Chevron Corp. and Weyerhaeuser Co. have joined forces to create Catchlight Energy LLC, a research and development company working to convert cellulosic biofuels into low-carbon biofuels. Michael Burnside of Chevron has been appointed chief executive officer of the new entity. Both companies will contribute financial resources and employees to the venture. Although Weyerhaeuser is one of the world’s largest integrated forest products companies, company spokesman Bruce Amundson said the initial focus of Catchlight will be to use switchgrass as a feedstock. BIO
Colusa completes restructuring, obtains research funding
Stock Fairfield provides equipment for biomass power plant
Colusa Biomass Energy Corp. has completed a restructuring plan that injected $4 million into the company for biomass research. The transaction with Pan Gen Global PLC in March gave Colusa funds to explore the commercialization of converting waste rice straw and hulls into ethanol. Colusa’s business operations will be concentrated in a new entity called Colusa Biomass Inc., headquartered in Reno. It hopes to raise an additional $40 million to complete the engineering and construction of its first biorefinery. BIO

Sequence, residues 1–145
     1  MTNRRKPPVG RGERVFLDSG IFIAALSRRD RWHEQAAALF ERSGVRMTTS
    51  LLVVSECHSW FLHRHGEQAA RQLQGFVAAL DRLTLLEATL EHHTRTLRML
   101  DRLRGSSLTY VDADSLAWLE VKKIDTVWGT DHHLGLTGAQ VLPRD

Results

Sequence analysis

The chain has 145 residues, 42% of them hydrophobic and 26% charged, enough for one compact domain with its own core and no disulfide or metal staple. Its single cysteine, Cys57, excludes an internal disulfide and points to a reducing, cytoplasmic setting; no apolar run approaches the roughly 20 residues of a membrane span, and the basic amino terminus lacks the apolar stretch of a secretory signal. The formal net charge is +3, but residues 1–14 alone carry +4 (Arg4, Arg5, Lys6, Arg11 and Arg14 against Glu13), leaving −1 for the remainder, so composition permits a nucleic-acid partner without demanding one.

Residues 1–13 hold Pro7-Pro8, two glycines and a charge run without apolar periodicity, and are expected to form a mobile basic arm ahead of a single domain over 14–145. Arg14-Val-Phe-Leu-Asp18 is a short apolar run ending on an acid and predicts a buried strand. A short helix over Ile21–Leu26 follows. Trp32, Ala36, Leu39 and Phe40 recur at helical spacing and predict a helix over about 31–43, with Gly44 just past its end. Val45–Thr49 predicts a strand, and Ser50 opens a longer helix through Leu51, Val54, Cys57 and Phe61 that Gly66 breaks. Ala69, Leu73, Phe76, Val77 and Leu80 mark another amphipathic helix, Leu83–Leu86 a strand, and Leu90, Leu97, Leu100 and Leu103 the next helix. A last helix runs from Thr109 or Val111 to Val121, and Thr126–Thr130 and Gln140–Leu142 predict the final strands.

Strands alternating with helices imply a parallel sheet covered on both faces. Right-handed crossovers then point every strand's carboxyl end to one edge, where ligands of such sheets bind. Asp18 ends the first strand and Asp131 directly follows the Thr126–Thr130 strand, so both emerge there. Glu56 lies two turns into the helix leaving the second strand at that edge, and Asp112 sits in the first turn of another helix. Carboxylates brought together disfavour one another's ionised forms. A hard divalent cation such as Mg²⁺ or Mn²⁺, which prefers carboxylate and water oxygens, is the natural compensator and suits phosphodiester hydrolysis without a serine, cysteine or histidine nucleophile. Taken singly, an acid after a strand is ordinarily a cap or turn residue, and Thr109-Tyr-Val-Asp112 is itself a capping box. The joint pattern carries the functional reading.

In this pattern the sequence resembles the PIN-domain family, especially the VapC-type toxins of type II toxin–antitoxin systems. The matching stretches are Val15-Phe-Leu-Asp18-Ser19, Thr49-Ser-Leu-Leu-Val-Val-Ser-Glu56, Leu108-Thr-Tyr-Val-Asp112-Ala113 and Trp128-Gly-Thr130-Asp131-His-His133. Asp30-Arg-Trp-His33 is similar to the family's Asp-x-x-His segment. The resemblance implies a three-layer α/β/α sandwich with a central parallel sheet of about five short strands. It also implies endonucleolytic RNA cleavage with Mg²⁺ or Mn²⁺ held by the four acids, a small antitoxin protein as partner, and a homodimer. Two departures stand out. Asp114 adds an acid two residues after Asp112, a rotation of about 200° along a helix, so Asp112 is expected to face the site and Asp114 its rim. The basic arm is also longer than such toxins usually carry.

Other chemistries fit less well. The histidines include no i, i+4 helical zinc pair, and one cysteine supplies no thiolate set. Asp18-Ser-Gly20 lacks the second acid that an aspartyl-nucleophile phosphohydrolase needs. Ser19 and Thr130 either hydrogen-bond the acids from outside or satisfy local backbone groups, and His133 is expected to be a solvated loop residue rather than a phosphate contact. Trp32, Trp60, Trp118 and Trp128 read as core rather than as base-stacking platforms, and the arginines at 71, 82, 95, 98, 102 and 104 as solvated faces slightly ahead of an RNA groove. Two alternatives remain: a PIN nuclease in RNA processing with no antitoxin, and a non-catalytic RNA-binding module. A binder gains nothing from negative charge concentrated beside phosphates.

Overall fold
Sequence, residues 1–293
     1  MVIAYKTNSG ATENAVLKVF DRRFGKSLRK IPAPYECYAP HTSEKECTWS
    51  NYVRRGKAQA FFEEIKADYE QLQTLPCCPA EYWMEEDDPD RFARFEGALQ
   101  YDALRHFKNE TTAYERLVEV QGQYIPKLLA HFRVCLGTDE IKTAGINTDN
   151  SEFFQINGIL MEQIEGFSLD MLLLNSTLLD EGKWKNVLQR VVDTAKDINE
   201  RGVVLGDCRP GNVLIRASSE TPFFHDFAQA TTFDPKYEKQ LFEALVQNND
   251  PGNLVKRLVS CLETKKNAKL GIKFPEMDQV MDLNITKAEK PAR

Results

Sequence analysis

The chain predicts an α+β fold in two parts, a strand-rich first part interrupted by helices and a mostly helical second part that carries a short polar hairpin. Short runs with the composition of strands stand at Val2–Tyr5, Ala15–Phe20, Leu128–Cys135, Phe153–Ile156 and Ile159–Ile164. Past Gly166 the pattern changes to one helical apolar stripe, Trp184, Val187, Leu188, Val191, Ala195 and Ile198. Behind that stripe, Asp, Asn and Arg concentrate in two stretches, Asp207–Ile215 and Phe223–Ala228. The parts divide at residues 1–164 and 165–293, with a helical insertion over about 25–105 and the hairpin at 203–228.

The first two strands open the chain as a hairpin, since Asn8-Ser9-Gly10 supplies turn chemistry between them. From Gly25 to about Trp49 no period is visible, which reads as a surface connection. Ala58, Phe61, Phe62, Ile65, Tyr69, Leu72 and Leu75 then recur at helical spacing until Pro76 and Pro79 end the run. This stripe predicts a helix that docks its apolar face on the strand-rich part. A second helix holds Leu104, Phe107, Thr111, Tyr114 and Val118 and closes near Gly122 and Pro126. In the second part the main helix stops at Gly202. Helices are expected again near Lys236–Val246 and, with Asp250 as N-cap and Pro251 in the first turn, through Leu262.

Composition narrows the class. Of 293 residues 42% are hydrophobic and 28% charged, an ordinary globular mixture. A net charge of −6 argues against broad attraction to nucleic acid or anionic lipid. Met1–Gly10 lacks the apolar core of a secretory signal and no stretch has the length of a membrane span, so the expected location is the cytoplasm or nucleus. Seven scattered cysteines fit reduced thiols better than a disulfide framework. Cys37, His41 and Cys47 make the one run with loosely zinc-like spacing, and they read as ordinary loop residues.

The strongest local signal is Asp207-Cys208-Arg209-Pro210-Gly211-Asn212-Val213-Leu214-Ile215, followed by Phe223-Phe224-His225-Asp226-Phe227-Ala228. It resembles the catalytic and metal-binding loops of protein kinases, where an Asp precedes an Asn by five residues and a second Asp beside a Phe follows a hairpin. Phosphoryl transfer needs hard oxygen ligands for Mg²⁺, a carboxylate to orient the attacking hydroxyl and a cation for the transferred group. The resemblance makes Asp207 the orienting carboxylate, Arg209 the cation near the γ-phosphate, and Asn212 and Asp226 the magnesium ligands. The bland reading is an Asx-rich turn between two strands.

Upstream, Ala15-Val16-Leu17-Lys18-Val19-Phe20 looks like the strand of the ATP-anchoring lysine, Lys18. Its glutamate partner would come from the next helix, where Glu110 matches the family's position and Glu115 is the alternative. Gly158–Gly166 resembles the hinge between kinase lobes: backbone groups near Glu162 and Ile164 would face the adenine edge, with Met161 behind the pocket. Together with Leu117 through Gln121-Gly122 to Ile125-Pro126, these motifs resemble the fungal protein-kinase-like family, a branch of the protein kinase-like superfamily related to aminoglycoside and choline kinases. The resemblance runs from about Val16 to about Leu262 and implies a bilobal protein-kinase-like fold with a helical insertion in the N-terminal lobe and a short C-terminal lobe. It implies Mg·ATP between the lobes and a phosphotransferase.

In early March, Stock Fairfield Corp., part of Schenck Process Group, completed the installation of a belt conveyor, chain conveyor, magnetic Biomass is transported on this Stock Fairfield belt separator and duct- conveyor in the poultry-litter-fueled power plant work at a poultry- operated by Fibrominn in Benson, Minn. litter-fueled power plant operated by Fibrominn in Benson, Minn. Fibrominn is a subsidiary of Philadelphia-based Fibrowatt LLC, which was founded in 2000 by the management team that built the world’s first poultry-litter-to-energy power plants in the United Kingdom. BIO
Changing World Technologies receives award Changing World Technologies Inc. in West Hempstead, New York, has been given the Most Innovative Patent Award in the Environment & Energy category by the Long Island Technology Hall of Fame. Brian Appel, chief executive officer of CWT, accepted the award at the hall of fame’s 2008 awards ceremony March 6. CWT’s thermal conversion process is a commercially viable method of reforming organic waste that converts approximately 250 tons of turkey offal and fats per day into approximately 500 barrels of renewable diesel. BIO
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Renegy starts production, reports financial loss Renegy Holdings Inc. began testing at its new 24-megawatt biomass power plant in Snowflake, Ariz., in late March. The news accompanied fourth-quarter financial results showing an $11 million loss, which Chairman and Chief Executive Officer Bob Worsley attributed partly to one-time items and mergerrelated costs. In February, the company appointed Hugh Smith to the position of chief operating officer. Prior to joining Renegy, Smith was employed with EnergyCo LLC, PNM Resources and Tampa Electric Co. BIO